Netflix hits new high as cord cutting increases and investors abandon traditional media

Key Points
  • The stock hit an all-time high of $157.90, even as streaming rivals announced new services.
  • An increase in cord-cutting likely fueled the stock.
Reed Hastings, co-founder and CEO of Netflix.
Mike Blake | Reuters

Netflix stock hit an all-time high Thursday, even as companies like Twitter, Hulu and Facebook to announce plans to expand online video.

The stock hit $157.90, up about 1 percent, after consistently trading close to that level this week.

Netflix didn't have any new announcements, and though its beat expectations during its earnings report on April 17, it added fewer subscribers than expected. However, what may be pushing the stock up is the reports of growing numbers of cord cutters.

A report from MoffettNathanson on Wednesday said 762,000 customers quit their cable and satellite subscriptions during the first three months of 2017. Even if the number of people who went to a "skinny bundle" from a pay TV service like Dish's Sling TV were taken out, half a million people still cut the cord. Reports earlier in April from GfK showed 8 percent of the U.S. population no longer subscribe to pay TV services, while another 9 percent never subscribed at all.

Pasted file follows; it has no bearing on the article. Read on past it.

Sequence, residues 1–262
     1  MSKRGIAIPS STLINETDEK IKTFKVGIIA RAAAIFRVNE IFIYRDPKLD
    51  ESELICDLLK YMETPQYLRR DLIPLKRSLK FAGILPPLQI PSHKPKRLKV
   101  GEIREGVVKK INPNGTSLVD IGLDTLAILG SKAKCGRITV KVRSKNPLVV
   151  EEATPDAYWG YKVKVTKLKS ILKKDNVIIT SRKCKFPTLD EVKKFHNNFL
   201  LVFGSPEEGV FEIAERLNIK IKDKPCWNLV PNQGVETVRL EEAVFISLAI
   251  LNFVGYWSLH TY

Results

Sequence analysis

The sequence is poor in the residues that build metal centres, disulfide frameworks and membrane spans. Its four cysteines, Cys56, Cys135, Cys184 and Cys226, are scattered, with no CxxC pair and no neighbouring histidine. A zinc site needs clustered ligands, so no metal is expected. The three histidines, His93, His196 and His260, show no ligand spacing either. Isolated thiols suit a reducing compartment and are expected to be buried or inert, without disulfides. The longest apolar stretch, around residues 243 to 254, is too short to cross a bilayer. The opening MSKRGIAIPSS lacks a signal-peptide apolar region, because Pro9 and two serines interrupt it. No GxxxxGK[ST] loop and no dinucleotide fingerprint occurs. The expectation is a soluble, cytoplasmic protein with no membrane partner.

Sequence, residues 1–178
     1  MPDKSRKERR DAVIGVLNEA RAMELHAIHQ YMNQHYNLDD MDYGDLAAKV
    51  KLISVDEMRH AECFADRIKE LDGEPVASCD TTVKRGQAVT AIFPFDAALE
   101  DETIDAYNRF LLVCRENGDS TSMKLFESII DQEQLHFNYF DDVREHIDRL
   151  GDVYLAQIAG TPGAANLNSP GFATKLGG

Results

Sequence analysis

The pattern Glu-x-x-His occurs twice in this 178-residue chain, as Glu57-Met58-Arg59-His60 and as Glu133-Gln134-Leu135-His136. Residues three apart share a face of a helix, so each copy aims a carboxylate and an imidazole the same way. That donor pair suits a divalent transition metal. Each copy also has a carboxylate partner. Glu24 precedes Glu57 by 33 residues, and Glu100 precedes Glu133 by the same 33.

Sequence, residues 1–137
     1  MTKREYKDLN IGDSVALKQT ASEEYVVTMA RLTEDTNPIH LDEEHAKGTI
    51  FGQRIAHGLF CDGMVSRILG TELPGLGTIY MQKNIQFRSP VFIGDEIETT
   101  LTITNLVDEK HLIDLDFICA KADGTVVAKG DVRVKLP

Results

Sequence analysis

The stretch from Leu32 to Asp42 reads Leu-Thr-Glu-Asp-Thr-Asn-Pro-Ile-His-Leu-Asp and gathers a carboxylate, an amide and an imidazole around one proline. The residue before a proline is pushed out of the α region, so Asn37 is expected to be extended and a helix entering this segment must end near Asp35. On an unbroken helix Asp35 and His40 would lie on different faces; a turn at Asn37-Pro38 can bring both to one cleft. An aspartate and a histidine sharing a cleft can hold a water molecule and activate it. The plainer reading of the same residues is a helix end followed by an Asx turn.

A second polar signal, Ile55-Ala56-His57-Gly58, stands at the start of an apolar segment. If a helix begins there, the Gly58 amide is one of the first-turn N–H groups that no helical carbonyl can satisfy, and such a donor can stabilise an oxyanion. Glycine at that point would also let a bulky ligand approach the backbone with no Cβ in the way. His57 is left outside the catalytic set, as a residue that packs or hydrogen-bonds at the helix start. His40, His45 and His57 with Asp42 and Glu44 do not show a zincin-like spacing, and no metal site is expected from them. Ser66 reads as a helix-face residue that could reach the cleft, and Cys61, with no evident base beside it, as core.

Meanwhile, companies like Hulu and YouTube are offering live TV services that allow users to have access to network programming without a cable or satellite subscription.

"Hard to see a better derivative on cord cutting than Netflix," RBC analyst Mark Mahaney told CNBC via email.

In addition, poor stock performance from traditional media companies could signify that investors are moving their dollars to streaming services, Bernstein senior analyst Todd Juenger told CNBC. Viacom beat estimates on Thursday, but shares were down 6 percent. Meanwhile, Time Warner remained flat despite coming in higher than analysts' revenue and earnings per share estimates on its earnings report on Wednesday.

"One could argue that old media's demise and Netflix 's success are correlated," Jenger said via email.